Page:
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Re: [ITP] libungif-4.1.0-2

Lapo Luchini wrote:

You should either
1) change mkpatch() to only create a diff between your populated libungif-4.1.0\CYGWIN-PATCHES directory and an empty libungif-4.1.0-orig\CYGWIN-PATCHES, and keep the "aclocal && libtoolize --force" command in conf(), or
2) Lapo runs "aclocal && libtoolize --force" by hand, and then uses mkpatch to create a gigantic patch that includes not only libungif-4.1.0\CYGWIN-PATCHES, but also the libtoolization bits. "aclocal && libtoolize --force" is removed from conf().

Also, it should probably be "aclocal && libtoolize --force --copy && automake --gnu --copy --add-missing --force-missing && autoconf" but that's just me.

Or maybe moving spkg before conf? Is it too "dirty" to let conf actually change the dir content?

No, you're just missing the point. Suppose I have a package that DOES need a few changes to .c files in order to compile. Now, of course, I don't know what those changes are BEFORE I begin working on the package.

So, I relibtoolize and re-automake etc. I configure. I make -- and it fails in foo.c. I fix foo.c. I make again, and it fails in bar.h. I fix bar.h...etc.

Now, I'd like to make the distribution -src package...

mkpatch() creates a patch that contains all of the changes that I have made -- including the re-autotoolization.

End user can apply the patch -- even without having the autotools -- and 'configure; make' and it should 'just work'. OTOH, the patch is gigantically huge. So, there's a compromise: I can edit the gigantic page, removing all of the autotoolization stuff, leaving only my changes to foo.c, bar.h, and everything that is in CYGIWN-PATCHES/. But that's hard to automate.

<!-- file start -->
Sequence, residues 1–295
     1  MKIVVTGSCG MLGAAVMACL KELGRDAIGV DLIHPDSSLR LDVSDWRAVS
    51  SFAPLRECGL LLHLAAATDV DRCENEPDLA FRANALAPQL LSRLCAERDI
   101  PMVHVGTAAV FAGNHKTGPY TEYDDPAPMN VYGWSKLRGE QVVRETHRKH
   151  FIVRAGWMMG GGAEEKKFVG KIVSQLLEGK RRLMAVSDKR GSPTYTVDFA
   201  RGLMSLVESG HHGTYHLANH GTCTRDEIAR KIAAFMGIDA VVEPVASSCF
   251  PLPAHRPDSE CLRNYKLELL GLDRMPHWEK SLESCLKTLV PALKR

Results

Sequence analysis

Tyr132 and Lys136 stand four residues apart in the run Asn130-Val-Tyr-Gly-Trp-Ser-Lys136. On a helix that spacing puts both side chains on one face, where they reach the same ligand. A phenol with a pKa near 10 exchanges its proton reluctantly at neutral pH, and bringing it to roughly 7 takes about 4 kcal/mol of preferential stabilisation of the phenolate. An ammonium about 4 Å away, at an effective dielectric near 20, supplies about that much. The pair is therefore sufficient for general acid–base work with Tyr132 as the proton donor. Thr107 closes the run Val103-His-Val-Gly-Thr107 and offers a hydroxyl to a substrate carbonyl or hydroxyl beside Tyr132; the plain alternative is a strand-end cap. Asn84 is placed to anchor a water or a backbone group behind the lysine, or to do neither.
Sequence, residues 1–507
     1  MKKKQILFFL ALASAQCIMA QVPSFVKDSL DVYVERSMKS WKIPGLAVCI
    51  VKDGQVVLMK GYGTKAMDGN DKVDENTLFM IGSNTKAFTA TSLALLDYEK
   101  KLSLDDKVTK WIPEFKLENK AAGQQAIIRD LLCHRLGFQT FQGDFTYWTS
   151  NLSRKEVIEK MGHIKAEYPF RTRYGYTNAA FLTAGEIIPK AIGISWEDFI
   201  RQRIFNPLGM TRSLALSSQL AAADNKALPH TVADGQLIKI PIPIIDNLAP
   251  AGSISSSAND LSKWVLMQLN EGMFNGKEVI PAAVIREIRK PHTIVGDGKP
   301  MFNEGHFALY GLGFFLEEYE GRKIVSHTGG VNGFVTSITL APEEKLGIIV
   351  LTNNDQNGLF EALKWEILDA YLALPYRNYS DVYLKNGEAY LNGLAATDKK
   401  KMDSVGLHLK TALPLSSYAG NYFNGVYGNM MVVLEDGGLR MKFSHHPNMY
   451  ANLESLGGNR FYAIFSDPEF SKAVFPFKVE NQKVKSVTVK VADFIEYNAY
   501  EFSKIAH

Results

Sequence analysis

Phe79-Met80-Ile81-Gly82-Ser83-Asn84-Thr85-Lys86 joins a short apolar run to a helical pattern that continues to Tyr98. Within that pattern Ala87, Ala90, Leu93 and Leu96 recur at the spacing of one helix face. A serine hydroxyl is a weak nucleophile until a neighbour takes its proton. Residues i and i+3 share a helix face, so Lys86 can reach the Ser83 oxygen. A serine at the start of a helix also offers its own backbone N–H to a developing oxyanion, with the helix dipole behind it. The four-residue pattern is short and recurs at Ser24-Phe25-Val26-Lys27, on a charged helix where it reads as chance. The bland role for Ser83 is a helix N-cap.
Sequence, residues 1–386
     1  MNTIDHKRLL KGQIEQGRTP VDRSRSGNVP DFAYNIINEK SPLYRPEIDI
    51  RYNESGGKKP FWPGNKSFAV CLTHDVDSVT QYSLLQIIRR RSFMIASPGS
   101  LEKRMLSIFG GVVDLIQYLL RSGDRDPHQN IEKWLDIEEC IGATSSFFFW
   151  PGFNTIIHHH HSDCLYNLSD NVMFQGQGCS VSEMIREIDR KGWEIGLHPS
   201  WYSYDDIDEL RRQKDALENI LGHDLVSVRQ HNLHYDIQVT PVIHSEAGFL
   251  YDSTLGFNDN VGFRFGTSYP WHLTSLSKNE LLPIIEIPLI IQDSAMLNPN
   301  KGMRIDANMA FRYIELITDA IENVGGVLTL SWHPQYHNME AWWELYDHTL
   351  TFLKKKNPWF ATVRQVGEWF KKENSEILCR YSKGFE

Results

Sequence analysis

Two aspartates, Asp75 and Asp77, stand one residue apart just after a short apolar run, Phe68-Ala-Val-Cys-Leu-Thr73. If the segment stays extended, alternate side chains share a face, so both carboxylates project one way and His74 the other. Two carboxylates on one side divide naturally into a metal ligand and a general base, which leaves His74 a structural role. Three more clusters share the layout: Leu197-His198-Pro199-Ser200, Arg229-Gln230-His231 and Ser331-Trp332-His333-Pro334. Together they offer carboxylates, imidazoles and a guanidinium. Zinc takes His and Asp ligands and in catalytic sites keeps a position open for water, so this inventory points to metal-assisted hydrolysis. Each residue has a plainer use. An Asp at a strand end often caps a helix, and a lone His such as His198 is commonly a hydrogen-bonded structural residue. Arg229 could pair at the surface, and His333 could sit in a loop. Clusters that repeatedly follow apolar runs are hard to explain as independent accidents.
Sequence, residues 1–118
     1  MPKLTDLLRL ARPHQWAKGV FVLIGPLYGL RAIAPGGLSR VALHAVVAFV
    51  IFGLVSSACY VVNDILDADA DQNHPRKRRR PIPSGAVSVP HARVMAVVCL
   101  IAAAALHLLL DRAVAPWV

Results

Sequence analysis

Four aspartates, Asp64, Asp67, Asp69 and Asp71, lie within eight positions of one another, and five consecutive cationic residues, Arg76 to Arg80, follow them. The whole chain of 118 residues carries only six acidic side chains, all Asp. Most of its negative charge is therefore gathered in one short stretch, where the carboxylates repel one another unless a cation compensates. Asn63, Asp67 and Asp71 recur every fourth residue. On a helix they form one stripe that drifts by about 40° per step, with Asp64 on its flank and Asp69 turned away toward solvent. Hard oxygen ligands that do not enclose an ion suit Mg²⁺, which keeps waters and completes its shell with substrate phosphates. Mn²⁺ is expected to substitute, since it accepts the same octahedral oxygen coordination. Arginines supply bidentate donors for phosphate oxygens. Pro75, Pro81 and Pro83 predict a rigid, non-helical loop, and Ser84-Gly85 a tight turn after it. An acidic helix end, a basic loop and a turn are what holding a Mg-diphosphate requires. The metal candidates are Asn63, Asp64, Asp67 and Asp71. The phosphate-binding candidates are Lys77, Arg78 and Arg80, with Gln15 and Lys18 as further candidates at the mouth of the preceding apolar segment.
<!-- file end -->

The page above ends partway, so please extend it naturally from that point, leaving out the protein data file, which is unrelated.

The decision on how to handle this is, of course, a maintainer decision. I have done all of the following in various packages, because each package is different:

1) just ship the gigantic patch
It's automatic, I don't have to worry about it; the end users don't need the autotools. The buildscript doesn't call aclocal or any other autotools. But the patch is big.

2) IF and ONLY IF there are no changes to "real" files (foo.c, bar.h, -- the only changes are in CYGWIN-PATCHES/ and re-autotooliation -- then I can "fake" the patch. In mkpatch:
mkdir -p ${topdir}/foo-VER-orig/CYGWIN-PATCHES
cd ${topdir}
diff -urN foo-VER/CYGWIN-PATCHES foo-VER-orig/CYGWIN-PATCHES > patch

Thus, I can be sure that 'patch' contains only the changes in CYGWIN-PATCHES
and none of the autotoolization. The buildscript calls the autotools, the

end user must have the autotools installed. The patch is small. Downside: if I ever need to modify a "real" file (foo.c, bar.h) then I must change the build procedure, which is a PITA.

3) Suppose I need to change some "source" files to get the -deve- autotools to work properly. This is the most difficult option. I can create a "pre-autotoolization" patch, which includes my changes to foo.c,,, etc. I generate that patch by hand, *before*running the autotools. 'mkpatch()' becomes
cp <patchfile> ${sinst}/
cp <orig taball> ${sinst}/
cp <buildscript> ${sinst}/
echo "I didn't recreate the patch; any changes you made"
echo "to the sources will be lost"
The buildscript calls the autotools. The end user must have them installed. The patch is small -- but if it ever needs changing, I must recreate it manually.

Package with spkg moved just before "conf" and after "prep" (it seemed a bit overkill to call it -3 for just this small change):

This is basically version #3 -- instead of simply copying the patch, you're recreating it: but you are guaranteed that the "new" patch will be identical to the old one, since "spkg" is called immediately after "prep".


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